10. I’m somewhat in agreement with snuggliestbear although if by petite you meant she was to short she wouldn’t have been able to lift her luggage regardless of how strong she was and in that case it would have been generous of the male passenger to help her… From his perspective, we don’t always have to feel obligated to help others and I would assume like most other people on earth he put his friend first, albeit in the wrong situation.

  11. Whoever boards first gets first chance at the overhead – that is a benefit of priority boarding. If the man was so concerned about his friend he should brought his friend’s carry-on when he boarded. Yes – rude!!

  12. As a flt. att. for a major airline, I see this happens every flight.
    Is it rude, “yes”, but it is the norm with air travel and passengers today.

  13. Her backpack should have gone under the seat in front of her, not in the overhead bin.

  14. @Cici–I’m not sure I necessarily agree with that. She had a purse and her backpack, so (assuming she can lift it, and find room) shouldn’t her backpack be able to go in the overhead bin? Maybe a subject for a later poll….

  15. Incredibly rude.

    To address some comments on why she didn’t put her bag in the overhead herself: one of my cousins is short, not even 5 foot. Given her vertical limitation she has difficulty reach the overhead bin regardless of how big or small her bag.

  16. To all the folks who think she should have tried it herself… I’m one of those annoying guys sitting in the aisle and there’s nothing I enjoy more than ducking while someone too short or unable to handle their bag swings it around my head. If I see it I offer to help as self preservation but primarily because that how I was brought up. Common courtesy. The guy “holding” a spot was a jerk.

  17. definitely rude! you can’t save overhead bin space for a friend. it’s first come first serve.

    and as a shortie myself, i appreciate the help of taller people to make sure i don’t accidentally knock someone in the head with my suitcase. in all other occasions, i can carry and lift my suitcase on my own, but i guess i need to work on my overhead dead lift and presses to have appropriate shoulder, arm and back strength! 🙂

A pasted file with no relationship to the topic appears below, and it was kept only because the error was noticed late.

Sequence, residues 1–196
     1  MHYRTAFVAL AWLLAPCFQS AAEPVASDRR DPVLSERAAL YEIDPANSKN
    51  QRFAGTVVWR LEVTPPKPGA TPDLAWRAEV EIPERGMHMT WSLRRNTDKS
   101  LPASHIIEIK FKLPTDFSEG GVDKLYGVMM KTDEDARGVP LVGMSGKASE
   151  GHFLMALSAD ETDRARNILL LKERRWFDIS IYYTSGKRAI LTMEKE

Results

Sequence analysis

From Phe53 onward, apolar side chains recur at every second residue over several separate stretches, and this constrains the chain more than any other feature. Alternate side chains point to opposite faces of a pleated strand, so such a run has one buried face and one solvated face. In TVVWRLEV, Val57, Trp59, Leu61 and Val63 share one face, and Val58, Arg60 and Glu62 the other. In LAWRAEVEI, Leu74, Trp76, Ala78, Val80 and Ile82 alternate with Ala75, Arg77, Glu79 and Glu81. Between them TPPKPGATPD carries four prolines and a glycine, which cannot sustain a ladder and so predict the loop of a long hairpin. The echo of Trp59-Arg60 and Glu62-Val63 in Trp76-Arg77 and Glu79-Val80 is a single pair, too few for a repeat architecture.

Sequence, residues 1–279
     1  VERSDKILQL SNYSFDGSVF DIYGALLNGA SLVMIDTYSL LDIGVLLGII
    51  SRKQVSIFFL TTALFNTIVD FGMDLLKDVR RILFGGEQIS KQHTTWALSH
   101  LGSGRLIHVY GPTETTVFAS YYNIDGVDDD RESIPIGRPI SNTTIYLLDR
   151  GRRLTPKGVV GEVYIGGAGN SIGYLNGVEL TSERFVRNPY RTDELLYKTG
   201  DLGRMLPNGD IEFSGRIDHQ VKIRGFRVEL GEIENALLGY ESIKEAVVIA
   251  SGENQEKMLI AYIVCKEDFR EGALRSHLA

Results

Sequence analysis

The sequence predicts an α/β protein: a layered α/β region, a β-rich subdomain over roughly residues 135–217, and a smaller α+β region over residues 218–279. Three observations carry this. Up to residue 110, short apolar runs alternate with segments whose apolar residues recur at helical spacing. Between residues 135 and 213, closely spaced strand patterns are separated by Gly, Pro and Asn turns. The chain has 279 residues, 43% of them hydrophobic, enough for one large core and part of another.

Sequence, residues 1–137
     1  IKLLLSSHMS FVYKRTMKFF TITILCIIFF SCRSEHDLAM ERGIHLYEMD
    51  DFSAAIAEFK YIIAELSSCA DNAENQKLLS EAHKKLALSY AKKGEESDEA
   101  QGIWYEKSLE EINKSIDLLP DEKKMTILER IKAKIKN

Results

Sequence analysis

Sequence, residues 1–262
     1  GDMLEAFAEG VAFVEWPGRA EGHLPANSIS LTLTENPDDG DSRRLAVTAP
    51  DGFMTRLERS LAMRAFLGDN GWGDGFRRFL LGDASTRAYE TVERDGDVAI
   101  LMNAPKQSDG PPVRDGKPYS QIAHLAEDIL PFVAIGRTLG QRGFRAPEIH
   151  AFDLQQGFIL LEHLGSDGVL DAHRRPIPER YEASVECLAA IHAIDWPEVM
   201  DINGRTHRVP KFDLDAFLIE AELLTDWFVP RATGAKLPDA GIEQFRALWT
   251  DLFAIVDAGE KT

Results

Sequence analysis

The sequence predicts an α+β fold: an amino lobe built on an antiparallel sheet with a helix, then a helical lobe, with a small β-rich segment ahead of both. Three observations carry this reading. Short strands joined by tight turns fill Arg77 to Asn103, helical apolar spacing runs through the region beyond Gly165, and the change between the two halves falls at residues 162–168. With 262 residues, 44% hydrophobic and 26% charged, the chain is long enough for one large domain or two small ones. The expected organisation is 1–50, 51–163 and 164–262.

18. If I was the guy sitting behind him, the only thing Bubba would have heard was my belt unbuckling while I jumped up to put her bag in that spot. Well, then maybe I would have moved my 2 year old to the seat behind him.

  19. Completely rude, and I would hope that the FA would have intervened if s/he overheard this exchange. Prime baggage space is the main benefit of early boarding. This guy was denying the female passenger the rights and privileges that the airline had given to her. Behavior like that should result in revoked privileges.

  20. By Road Warriorette’s description, the man did not actively prevent the woman from using the overhead bin space. If the woman then had to go toward the back of the plane (no other space available nearby), it’s not clear that this was still in the early boarding phase, in which case the woman wouldn’t have had any special privilege that she was trying to exercise. Even if she was an early boarder, the man doesn’t thereby accrue any special *obligation* to help her take advantage of her privilege. If a flight attendant had decided to intervene and made the man feel bad, I would say that the flight attendant would have overstepped his or her employee duty. On the other hand, if the flight attendant merely stepped in to help the woman stow her bag, I’d certainly have no issue with that.

    Don’t get me wrong, personally I am one of those passengers who will quickly step up to help other passengers with stowing their bags — whether male or female, old or young, I’ll help if it looks like they’re struggling or are going to struggle with the task. But I think in this case, the man was only mildly rude.